standards.  ISO launches the development of new standards in  
            response to sectors and stakeholders that express a clearly  
            established need for them.  ISO standards are developed by  








          AB 444 (Gipson)                                    Page 4 of ?
          
          
            technical committees comprised of experts from the industrial,  
            technical, and business sectors which have asked for the  
            standards.

          4)ISO progress and delays. Since beginning work on an  
            international standard for IV connectors in 2008, the ISO  
            workgroup discovered the Luers were more complicated than  
            previously thought.  Nine different dimensions of the Luer had  
            to be taken into consideration (lengths, circumferences, etc.)  
            These complications prompted the Legislature in 2009 to delay  
            the implementation of standardization until January 1, 2013  
            for IV and enteral connectors, and January 1, 2014 for  
            epidural connectors.  Designs for unique types of tubing that  
            connect to the Luer took roughly three years to get through  
            the ISO process.  At each phase of the process, designs must  
            be sent out for feasibility testing and member comment before  
            draft international standards can be released. The lengthiness  
            of the ISO process prompted the State Legislature, in 2012, to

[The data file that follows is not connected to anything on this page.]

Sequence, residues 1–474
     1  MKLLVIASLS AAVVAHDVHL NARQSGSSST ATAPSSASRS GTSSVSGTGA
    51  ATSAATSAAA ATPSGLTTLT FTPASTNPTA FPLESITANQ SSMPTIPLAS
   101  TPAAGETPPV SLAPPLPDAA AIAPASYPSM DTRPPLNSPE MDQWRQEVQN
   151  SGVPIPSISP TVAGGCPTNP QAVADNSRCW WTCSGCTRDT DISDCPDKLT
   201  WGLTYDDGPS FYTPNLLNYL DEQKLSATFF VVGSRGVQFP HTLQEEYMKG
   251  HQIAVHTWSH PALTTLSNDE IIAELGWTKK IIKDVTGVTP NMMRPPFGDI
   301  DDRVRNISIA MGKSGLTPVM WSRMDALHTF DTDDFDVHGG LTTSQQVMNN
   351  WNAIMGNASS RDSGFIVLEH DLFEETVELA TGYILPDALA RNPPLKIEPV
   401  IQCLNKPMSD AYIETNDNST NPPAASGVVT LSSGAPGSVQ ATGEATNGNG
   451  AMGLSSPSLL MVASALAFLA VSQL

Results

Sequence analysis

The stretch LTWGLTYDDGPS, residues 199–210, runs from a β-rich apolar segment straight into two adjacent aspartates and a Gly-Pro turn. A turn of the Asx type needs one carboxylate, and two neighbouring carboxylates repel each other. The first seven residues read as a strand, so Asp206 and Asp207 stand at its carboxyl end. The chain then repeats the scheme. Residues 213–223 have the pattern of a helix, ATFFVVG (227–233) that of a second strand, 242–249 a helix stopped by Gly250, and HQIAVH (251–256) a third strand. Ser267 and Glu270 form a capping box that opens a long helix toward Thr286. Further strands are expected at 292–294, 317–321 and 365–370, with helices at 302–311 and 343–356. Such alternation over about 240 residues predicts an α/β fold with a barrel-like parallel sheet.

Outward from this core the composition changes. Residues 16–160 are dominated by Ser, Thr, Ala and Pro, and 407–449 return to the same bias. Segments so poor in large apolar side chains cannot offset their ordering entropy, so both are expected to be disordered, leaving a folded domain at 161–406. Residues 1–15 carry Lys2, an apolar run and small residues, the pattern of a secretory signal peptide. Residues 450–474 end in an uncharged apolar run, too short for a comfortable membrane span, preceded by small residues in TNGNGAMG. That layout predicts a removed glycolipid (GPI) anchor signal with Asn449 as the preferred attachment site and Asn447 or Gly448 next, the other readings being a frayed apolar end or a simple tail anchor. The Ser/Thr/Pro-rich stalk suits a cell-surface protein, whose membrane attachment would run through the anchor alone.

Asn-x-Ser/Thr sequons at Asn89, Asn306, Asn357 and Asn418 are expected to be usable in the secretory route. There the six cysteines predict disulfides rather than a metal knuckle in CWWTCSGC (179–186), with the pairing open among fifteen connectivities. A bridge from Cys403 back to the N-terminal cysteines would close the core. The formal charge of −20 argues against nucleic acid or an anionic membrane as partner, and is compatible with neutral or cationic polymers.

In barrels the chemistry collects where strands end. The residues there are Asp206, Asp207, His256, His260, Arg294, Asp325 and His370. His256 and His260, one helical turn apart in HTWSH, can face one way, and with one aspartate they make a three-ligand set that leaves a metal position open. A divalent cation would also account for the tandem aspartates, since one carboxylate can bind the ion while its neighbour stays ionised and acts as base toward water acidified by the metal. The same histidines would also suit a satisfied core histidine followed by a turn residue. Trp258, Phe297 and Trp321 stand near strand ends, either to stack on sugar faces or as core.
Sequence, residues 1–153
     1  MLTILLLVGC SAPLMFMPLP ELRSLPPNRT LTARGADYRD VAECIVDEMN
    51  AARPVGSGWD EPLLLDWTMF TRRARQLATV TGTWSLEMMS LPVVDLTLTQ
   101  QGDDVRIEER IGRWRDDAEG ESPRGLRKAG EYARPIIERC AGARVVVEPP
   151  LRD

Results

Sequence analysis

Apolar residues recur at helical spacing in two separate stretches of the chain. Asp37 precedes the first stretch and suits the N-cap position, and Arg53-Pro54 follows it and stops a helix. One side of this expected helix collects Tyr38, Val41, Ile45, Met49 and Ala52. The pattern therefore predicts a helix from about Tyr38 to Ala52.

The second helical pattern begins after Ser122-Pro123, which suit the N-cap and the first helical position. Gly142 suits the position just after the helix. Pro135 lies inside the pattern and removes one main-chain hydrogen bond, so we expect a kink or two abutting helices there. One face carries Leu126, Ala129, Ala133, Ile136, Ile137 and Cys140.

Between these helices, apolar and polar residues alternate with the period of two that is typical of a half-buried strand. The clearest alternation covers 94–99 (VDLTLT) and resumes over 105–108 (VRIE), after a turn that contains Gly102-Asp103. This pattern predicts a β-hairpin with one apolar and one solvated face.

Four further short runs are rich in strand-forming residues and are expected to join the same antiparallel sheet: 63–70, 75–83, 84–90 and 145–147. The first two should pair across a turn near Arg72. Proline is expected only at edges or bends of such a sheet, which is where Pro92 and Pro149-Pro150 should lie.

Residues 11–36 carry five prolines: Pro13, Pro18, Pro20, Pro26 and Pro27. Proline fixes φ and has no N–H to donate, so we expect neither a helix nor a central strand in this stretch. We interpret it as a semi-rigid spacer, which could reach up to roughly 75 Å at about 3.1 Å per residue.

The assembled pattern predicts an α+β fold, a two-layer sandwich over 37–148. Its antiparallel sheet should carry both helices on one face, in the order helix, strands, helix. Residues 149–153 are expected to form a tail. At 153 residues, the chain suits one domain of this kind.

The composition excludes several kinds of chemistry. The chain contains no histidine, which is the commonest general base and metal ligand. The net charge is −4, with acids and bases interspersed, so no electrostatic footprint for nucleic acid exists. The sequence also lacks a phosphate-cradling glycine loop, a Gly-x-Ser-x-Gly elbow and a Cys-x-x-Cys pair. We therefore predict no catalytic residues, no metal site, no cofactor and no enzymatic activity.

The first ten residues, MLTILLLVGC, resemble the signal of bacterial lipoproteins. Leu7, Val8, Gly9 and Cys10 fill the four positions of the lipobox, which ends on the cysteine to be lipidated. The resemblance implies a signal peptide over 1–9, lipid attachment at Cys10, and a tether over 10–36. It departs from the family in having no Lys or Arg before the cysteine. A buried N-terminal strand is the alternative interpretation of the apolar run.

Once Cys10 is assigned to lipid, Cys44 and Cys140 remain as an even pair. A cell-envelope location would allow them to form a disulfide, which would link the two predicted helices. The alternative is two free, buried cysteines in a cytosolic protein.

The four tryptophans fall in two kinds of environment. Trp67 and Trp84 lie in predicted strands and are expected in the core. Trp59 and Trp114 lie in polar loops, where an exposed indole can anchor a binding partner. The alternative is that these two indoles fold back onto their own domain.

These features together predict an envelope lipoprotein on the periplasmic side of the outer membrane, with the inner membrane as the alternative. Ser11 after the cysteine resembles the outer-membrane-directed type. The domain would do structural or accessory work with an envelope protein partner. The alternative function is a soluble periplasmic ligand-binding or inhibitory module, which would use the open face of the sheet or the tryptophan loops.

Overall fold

again delay implementation for all three connector types until  
            January 1, 2016.

            On December 15, 2014, AdvaMed, the sponsor of this bill,  
            provided the Assembly and Senate Health Committees with their  
            statutorily required report on the progress of the ISO in  
            solving the problem of tubing misconnections.  According to  
            the report, the 2016 deadline was to be met for IV and enteral  
            feeding lines; however, the epidural connector design was  
            found to allow for misconnection with an IV, and required more  
            time for redesign and testing.  The AdvaMed report notes that,  
            "?without a delay of the 2016 deadline to allow completion of  
            the epidural effort, there could be a proliferation of  
            proprietary new connectors that will add to the list of  
            possible misconnections and create a cost burden for  
            California hospitals."


            Although the deadline was met for developing IV and enteral  
            designs, complications between manufacturers and distributers  
            have delayed the ability of the industry to adequately fill  
            the supply chain with the syringes needed for the enteral  
            systems. Accordingly, the industry has also requested a six  
            month delay in implementation of standardized enteral systems.

          5)Prior legislation. SB 158 (Florez, Chapter 294, Statutes of  
            2008), among other provisions, required hospitals and SNFs to  








          AB 444 (Gipson)                                    Page 5 of ?
          
          
            institute a patient safety plan for the purpose of improving  
            the health and safety of patients and reducing preventable  
            patient safety events. SB 158 also prohibited, beginning  
            January 1, 2011, general acute care, acute psychiatric, and  
            special hospitals, and SNFs from using an intravenous  
            connection, epidural connection, or enteral feeding connection  
            that would fit into a connection port other than the type for